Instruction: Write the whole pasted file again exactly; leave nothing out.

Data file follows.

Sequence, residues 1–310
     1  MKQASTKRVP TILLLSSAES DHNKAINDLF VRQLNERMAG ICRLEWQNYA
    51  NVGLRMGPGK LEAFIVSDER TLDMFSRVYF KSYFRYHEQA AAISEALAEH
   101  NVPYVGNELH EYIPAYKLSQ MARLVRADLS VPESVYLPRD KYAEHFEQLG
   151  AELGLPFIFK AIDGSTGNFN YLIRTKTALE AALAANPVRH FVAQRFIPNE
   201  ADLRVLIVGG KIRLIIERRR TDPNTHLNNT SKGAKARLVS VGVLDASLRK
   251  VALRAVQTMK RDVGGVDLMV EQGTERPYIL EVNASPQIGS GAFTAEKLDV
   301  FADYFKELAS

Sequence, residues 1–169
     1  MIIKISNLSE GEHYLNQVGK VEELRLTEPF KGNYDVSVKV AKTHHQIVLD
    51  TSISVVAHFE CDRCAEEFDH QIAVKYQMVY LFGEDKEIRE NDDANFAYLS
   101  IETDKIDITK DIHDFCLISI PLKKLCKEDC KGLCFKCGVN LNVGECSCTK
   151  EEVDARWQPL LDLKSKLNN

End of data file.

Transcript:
Sequence, residues 1–310
     1  MKQASTKRVP TILLLSSAES DHNKAINDLF VRQLNERMAG ICRLEWQNYA
    51  NVGLRMGPGK LEAFIVSDER TLDMFSRVYF KSYFRYHEQA AAISEALAEH
   101  NVPYVGNELH EYIPAYKLSQ MARLVRADLS VPESVYLPRD KYAEHFEQLG
   151  AELGLPFIFK AIDGSTGNFN YLIRTKTALE AALAANPVRH FVAQRFIPNE
   201  ADLRVLIVGG KIRLIIERRR TDPNTHLNNT SKGAKARLVS VGVLDASLRK
   251  VALRAVQTMK RDVGGVDLMV EQGTERPYIL EVNASPQIGS GAFTAEKLDV
   301  FADYFKELAS

Sequence, residues 1–169
     1  MIIKISNLSE GEHYLNQVGK VEELRLTEPF KGNYDVSVKV AKTHHQIVLD
    51  TSISVVAHFE CDRCAEEFDH QIAVKYQMVY LFGEDKEIRE NDDANFAYLS
   101  IETDKIDITK DIHDFCLISI PLKKLCKEDC KGLCFKCGVN LNVGECSCTK
   151  EEVDARWQPL LDLKSKLNN